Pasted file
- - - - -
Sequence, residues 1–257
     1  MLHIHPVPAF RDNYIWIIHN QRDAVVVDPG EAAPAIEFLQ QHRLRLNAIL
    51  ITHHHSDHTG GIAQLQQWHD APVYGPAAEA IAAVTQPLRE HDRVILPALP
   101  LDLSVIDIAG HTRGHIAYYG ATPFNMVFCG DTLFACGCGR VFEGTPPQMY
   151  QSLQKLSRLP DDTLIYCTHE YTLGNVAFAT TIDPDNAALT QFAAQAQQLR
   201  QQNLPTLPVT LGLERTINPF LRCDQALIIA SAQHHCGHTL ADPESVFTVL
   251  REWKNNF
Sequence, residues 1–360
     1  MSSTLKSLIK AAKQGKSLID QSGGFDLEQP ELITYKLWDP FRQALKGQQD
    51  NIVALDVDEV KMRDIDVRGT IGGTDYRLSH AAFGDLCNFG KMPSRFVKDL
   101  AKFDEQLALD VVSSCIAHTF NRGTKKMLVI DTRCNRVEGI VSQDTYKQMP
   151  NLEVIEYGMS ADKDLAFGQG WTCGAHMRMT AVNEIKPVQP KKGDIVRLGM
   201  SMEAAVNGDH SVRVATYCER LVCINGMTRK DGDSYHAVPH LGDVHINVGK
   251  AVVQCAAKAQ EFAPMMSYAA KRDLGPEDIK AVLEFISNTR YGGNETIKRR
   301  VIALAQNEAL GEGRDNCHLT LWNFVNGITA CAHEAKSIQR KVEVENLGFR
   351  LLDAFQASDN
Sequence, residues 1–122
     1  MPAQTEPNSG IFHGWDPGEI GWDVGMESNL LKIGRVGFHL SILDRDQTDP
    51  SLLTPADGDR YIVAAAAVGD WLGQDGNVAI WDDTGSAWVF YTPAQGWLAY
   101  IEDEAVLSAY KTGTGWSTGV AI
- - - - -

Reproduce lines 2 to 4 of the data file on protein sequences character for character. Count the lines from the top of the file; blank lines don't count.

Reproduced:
     1  MLHIHPVPAF RDNYIWIIHN QRDAVVVDPG EAAPAIEFLQ QHRLRLNAIL
    51  ITHHHSDHTG GIAQLQQWHD APVYGPAAEA IAAVTQPLRE HDRVILPALP
   101  LDLSVIDIAG HTRGHIAYYG ATPFNMVFCG DTLFACGCGR VFEGTPPQMY